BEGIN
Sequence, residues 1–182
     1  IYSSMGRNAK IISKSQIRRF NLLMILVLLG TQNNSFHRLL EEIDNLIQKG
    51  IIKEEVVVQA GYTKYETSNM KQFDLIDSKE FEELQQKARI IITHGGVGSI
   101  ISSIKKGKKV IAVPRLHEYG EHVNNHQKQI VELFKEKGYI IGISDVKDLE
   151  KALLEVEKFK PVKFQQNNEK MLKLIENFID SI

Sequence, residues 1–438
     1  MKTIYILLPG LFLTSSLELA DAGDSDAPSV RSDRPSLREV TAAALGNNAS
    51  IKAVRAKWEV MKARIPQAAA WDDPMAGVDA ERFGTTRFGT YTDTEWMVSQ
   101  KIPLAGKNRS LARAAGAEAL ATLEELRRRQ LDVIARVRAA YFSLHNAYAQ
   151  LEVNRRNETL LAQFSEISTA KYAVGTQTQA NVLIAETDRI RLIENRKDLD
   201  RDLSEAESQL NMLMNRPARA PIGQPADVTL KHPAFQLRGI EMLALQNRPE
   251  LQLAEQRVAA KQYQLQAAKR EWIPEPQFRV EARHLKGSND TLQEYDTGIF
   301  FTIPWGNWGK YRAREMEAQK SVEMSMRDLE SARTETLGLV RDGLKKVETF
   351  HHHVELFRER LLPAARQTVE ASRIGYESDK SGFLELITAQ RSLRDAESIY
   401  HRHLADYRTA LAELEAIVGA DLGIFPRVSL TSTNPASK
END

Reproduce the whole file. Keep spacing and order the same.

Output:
Sequence, residues 1–182
     1  IYSSMGRNAK IISKSQIRRF NLLMILVLLG TQNNSFHRLL EEIDNLIQKG
    51  IIKEEVVVQA GYTKYETSNM KQFDLIDSKE FEELQQKARI IITHGGVGSI
   101  ISSIKKGKKV IAVPRLHEYG EHVNNHQKQI VELFKEKGYI IGISDVKDLE
   151  KALLEVEKFK PVKFQQNNEK MLKLIENFID SI

Sequence, residues 1–438
     1  MKTIYILLPG LFLTSSLELA DAGDSDAPSV RSDRPSLREV TAAALGNNAS
    51  IKAVRAKWEV MKARIPQAAA WDDPMAGVDA ERFGTTRFGT YTDTEWMVSQ
   101  KIPLAGKNRS LARAAGAEAL ATLEELRRRQ LDVIARVRAA YFSLHNAYAQ
   151  LEVNRRNETL LAQFSEISTA KYAVGTQTQA NVLIAETDRI RLIENRKDLD
   201  RDLSEAESQL NMLMNRPARA PIGQPADVTL KHPAFQLRGI EMLALQNRPE
   251  LQLAEQRVAA KQYQLQAAKR EWIPEPQFRV EARHLKGSND TLQEYDTGIF
   301  FTIPWGNWGK YRAREMEAQK SVEMSMRDLE SARTETLGLV RDGLKKVETF
   351  HHHVELFRER LLPAARQTVE ASRIGYESDK SGFLELITAQ RSLRDAESIY
   401  HRHLADYRTA LAELEAIVGA DLGIFPRVSL TSTNPASK